. In addition, a decrease of lung fibrosis was detected in CCL2 null mice when exposed to bleomycin 
. What's more, CCL2 has been shown to be elevated in human bronchoalveolar lavage fluid from patients with IPF 
. The protein was measured in plasma as well and it was shown that there was no significant difference between IPF patients and normal controls 
. Our results indicate that CCL2 is a potential marker of disease progression in IPF. Whether the plasma levels of CCL2 correlates with disease progression remains unknown 
. Interestingly, SPP1 have been localized to the alveolar epithelial cells in IPF lungs, was also significantly elevated in bronchoalveolar lavage fluid from IPF patients 
and, has been detected in plasma from patients with idiopathic interstitial pneumonia 
. Previous studies have shown that SPP1 null mice clearly develop less fibrosis when exposed to bleomycin. It was suggested that SPP1 is secreted by the epithelial cells and has a profibrotic effect 
Some of these potential biomarkers genes have been implicated in human cancers. Heat shock 70KDa protein 1A (HSPA1A) is up regulated in brain, lung, and liver cancer. Macropain (PSMA7) is increased in brain, breast, and stomach cancer, and plays an important role in colorectal cancer progression providing a unique target for drug development. The Ras homolog gene family member B (RHOB), a Rho GTPase, is up regulated in brain and breast cancer though down regulated in lung neoplasms. These GTPases are crucial regulators of the actin cytoskeleton and also play an important role in membrane trafficking. Associated with lung cancer are FK506 binding protein 2 (FKBP2) and Plunc (palate, lung and nasal epithelium carcinoma associated). The latter gene belongs to the PLUNC family of proteins postulated to play a role in innate immune response and is uniquely expressed in the upper respiratory tract. Studies in cystic fibrosis have shown a significant elevation of Plunc expression in diseased airways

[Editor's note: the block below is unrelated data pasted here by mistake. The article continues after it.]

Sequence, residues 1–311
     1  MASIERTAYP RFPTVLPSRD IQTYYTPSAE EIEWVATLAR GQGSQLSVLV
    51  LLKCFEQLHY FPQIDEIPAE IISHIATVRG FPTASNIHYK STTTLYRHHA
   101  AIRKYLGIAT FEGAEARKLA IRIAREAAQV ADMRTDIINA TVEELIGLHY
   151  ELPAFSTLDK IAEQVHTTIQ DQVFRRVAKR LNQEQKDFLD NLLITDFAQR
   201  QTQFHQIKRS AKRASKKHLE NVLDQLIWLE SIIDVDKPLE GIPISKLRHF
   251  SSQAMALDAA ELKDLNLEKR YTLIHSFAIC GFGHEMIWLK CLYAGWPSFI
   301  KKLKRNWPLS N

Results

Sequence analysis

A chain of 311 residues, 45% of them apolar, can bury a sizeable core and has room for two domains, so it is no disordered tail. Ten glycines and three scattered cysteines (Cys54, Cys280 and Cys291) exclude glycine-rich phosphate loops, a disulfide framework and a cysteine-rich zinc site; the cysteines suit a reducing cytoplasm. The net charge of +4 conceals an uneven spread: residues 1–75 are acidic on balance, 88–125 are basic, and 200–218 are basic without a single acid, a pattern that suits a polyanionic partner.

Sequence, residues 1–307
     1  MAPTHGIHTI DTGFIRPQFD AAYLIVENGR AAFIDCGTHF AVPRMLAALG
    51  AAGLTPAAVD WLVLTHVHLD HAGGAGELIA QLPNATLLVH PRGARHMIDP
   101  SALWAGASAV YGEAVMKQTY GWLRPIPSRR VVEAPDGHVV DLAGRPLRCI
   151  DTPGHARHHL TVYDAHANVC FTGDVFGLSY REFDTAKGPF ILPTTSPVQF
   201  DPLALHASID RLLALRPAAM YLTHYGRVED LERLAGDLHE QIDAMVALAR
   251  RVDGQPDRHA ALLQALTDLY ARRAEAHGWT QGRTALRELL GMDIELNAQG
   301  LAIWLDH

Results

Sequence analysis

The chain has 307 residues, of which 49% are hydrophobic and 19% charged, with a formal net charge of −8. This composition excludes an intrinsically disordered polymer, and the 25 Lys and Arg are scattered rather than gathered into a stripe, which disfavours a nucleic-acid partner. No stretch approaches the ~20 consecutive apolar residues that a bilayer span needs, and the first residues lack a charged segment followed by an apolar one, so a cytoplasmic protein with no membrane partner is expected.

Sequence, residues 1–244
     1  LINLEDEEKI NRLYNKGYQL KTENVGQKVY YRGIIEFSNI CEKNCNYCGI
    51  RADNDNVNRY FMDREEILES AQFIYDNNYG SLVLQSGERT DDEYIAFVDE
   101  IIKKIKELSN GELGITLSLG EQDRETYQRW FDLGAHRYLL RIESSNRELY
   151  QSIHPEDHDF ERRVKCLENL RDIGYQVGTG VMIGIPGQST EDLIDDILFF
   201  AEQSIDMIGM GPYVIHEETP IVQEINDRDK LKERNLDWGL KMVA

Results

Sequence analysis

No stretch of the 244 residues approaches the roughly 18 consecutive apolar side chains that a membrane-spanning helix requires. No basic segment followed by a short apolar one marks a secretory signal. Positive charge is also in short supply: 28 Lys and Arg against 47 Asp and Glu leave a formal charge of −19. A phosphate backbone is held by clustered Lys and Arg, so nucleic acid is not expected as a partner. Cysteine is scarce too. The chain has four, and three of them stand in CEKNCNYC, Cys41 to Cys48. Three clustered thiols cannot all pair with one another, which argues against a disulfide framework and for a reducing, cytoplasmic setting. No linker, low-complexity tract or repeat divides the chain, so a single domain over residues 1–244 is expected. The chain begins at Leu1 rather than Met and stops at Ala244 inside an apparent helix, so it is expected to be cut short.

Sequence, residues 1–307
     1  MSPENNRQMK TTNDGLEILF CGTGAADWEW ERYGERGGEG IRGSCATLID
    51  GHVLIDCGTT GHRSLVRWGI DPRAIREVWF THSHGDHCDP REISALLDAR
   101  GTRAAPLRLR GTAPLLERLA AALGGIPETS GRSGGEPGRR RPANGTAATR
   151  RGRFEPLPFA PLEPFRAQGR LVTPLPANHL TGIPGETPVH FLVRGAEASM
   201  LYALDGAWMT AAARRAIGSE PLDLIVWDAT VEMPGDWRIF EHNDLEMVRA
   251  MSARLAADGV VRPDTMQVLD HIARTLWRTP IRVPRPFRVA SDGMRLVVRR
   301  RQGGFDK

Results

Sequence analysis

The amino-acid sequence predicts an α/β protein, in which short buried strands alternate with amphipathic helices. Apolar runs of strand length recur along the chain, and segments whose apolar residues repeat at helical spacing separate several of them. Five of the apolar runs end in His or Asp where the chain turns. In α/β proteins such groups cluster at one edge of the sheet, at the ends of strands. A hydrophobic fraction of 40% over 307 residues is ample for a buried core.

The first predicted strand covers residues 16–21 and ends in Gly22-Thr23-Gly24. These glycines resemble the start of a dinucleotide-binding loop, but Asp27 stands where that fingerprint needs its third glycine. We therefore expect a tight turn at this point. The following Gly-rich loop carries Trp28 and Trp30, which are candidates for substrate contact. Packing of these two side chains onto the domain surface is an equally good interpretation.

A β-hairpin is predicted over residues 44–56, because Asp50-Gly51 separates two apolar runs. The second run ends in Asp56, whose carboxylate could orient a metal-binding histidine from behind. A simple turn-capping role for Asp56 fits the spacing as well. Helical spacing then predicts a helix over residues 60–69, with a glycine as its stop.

. As Plunc can be detected in sputum